Saturday, May 29, 2010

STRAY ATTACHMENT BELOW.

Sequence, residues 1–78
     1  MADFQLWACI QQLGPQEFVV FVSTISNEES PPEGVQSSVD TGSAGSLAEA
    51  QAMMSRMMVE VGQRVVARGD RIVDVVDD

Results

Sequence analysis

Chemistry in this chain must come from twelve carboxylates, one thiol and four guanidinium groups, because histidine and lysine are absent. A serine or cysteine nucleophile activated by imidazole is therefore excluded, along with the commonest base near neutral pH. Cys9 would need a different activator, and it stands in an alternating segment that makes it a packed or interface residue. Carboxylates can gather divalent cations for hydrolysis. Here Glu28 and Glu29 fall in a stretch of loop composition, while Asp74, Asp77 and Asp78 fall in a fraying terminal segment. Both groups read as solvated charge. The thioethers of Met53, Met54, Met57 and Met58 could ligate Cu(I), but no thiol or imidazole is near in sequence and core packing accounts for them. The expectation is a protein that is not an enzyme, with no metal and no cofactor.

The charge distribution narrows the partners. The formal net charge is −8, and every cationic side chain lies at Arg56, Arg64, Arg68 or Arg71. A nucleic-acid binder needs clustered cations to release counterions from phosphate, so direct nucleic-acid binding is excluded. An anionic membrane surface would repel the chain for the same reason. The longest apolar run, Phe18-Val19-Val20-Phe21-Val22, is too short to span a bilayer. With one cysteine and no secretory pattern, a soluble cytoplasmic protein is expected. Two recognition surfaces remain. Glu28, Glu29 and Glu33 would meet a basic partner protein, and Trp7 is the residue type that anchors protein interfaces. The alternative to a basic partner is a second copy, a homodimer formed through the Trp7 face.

Jack went for a swim, because he had time, because he had nowhere else to be and nothing else to do. For its 38 years, his body still felt young with its runner’s torso, its quick perceptive musculature. The body that holds the memory of all that has happened to it. A puckered white scar from an appendectomy. The small constellation of moles on his back. He felt the hairs on his legs raise slightly in the chill. The beach was windy and cooler as he walked closer to the sea. It would be cold. He knew it would be cold. Even in August, the waters in Maine were always cold – so far north. But he believed, without reason, that a cold sea was cleaner. The water was purer somehow than water further south. Even as it churned up the bottom sand, it was clean. The sand felt fine under his feet. No seaweed to tangle up his legs. Nothing to be wary of on the bottom – no jellyfish or urchins. Occasionally he would see a dead crab wash up ashore. And then he would toe around it gingerly, avoiding the pincers and carapace, even though the animal could no longer attack or defend itself. With his big toe, he might dig a divot in the wet sand and push the crab in – a little funeral so the gulls would not pick at the body. Respect for the dead who do not care anymore about respect. Jack supposed if the dead were crabs, they probably never cared about respect to begin with.